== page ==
Sen. Klobuchar (Minn.) told the New York Times editorial board that “investing in communities that have been in poverty” for decades could be a form of reparations. “Representative Clyburn has a bill that Cory leads in the Senate, and as president, this is something I would want to get done,” she said.
And while campaigning recently in Orangeburg, S.C., former vice president Joe Biden vowed to help pass Clyburn’s 10-20-30 initiative if elected, saying it “will go a long way to ending the legacy of systemic racism” — without specifically tying it to reparations.
Clyburn said he never thought to frame his funding formula as reparations until Sanders began casting it that way.
TOP: In South Carolina, the town of Denmark has received $315,000 in federal investments through Clyburn’s 10-20-30 formula. BOTTOM LEFT: A vacant home a few blocks from the Amtrak station in Denmark. Mayor Gerald Wright says the town’s top challenges include “just keeping people here” because of the lack of jobs. “We have a lot of vacant homes.” BOTTOM RIGHT: Kevin Odom, owner of Big Kev’s barbershop in Denmark, gives Tim Wright a haircut. “How does reparations apply to me? We need something for the youth, something for them to do,” Odom said. He said he would consider 10-20-30 a form of reparations, even if the funding also goes to white people.
His rural, black constituents are focused on getting clean water, broadband access, school buildings with roofs that don’t leak, he said — not on what he characterized as an “esoteric,” academic debate happening in Washington over reparations.
“The problem we’ve got, most Democrats, is that we get hung up on all these highfalutin phrases,” he said. “Reparations shouldn’t just be some intellectual discussion. You’ve got to make people see what it means to them in their everyday lives. 10-20-30 is simple for people to understand.”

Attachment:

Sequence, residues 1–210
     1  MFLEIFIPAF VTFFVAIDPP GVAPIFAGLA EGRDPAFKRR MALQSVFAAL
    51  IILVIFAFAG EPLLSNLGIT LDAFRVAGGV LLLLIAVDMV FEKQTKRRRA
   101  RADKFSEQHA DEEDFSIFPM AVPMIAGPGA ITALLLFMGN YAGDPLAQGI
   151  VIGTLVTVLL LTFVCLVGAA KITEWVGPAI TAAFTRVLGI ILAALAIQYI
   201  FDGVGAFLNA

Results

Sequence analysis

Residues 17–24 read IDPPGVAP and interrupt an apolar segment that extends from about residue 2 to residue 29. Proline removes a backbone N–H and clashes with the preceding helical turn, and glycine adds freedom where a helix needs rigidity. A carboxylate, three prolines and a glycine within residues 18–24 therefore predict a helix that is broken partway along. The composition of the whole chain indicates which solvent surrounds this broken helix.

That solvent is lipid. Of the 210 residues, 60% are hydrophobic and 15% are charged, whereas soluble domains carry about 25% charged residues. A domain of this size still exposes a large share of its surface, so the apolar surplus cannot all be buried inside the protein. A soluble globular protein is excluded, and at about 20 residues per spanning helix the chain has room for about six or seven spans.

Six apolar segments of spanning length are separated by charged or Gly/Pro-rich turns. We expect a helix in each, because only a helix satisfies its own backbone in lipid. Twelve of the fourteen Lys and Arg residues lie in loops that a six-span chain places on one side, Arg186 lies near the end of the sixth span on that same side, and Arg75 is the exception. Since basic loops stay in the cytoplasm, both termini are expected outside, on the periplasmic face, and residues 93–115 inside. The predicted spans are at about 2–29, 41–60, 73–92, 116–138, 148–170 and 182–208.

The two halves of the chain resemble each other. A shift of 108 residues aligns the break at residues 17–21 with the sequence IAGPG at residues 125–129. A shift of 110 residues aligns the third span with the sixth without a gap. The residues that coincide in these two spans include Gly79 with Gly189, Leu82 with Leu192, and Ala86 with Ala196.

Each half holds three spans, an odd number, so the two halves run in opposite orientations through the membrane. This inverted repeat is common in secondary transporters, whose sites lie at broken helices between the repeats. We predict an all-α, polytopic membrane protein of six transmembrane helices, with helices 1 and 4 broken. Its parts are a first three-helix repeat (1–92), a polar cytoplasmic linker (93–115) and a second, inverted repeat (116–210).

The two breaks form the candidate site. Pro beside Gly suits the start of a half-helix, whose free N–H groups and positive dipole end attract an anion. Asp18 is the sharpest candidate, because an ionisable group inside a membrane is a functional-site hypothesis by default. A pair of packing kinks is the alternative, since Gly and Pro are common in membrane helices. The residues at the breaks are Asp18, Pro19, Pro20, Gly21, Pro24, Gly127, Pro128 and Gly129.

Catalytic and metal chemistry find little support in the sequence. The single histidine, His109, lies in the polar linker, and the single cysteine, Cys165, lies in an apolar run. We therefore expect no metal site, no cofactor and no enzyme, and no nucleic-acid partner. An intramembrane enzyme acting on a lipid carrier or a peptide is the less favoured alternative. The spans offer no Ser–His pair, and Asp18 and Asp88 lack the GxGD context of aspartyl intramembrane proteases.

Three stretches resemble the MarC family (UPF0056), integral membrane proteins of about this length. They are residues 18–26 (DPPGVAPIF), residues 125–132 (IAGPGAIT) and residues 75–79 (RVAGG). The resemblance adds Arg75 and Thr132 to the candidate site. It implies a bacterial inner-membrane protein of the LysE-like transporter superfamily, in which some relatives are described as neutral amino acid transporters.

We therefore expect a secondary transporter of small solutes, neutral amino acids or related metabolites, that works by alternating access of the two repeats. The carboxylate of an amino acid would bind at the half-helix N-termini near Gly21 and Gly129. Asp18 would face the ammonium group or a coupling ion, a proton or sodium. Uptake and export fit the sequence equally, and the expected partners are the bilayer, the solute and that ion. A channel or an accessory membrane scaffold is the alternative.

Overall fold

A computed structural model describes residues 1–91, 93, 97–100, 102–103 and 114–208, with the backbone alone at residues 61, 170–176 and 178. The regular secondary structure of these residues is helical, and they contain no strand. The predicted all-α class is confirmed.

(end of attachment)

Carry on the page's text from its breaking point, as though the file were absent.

In Denmark, black residents — a barber, a college student, a mother of three — said they had a difficult time envisioning how reparations would apply to their lives. Their priority, each said in separate interviews, is keeping children safe after school, away from the street violence plaguing their town.
“Reparations don’t matter,” said Courtney Broxton, a housekeeper walking with her 8-year-old son along the desolate main street, past a storefront plastered with Sanders campaign signs. “What matters is investments in this community.”
During a lunchtime visit to the Bamberg-Barnwell Emergency Medical Center, which opened last spring after two rural hospitals shut down, Clyburn told hospital administrators that he had only recently begun to think of the $100,000 in federal grants the center received in the context of reparations.
He paraphrased 19th-century French diplomat Alexis de Tocqueville: The greatness of America lies not in being more enlightened than any other nation, but rather in her ability to repair her faults.
“If you consider slavery a fault, how do you repair that fault?” Clyburn said. “Reparations are about repairing. 10-20-30 is a great way to repair a fault.”
Clyburn said he was slow to sign on to the three-decade-old House bill, introduced in 1989 by then-Rep. John Conyers Jr. (D-Mich.), to study reparations proposals — doing so most recently at his staff’s urging last spring. (The bill, H.R. 40, was numbered to reflect the “40 acres and a mule” that the U.S. government promised formerly enslaved people after the Civil War — and later rescinded.)
And he remains skeptical of the most commonly discussed remedy: cash compensation to African American descendants of slavery.
“There’s no way you’re going to be able to monetize reparations — you’d split families,” said Clyburn, recalling his late wife’s great-grandfather, who was white, and noting the difficulty of determining who would qualify for reparations given people of mixed-race heritage and the number of light-skinned African Americans who have lived “passing” as white.
“You set up some kind of a cash system and one of them people who’ve been passing can lay claim,” he said, even though they “have never suffered the indignities” of being black.
The “realistic” way to address reparations, he said, is to do so systemically by infusing resources into low-income communities like Denmark. Many of the country’s impoverished communities became poor and black by government design, he said.
“Race is the reason income is what it is,” he said. “This is by design. So attack the design.”
Clyburn visits an outdated computer lab at Denmark-Olar High School, which will use federal dollars obtained through the 10-20-30 formula to purchase new computers.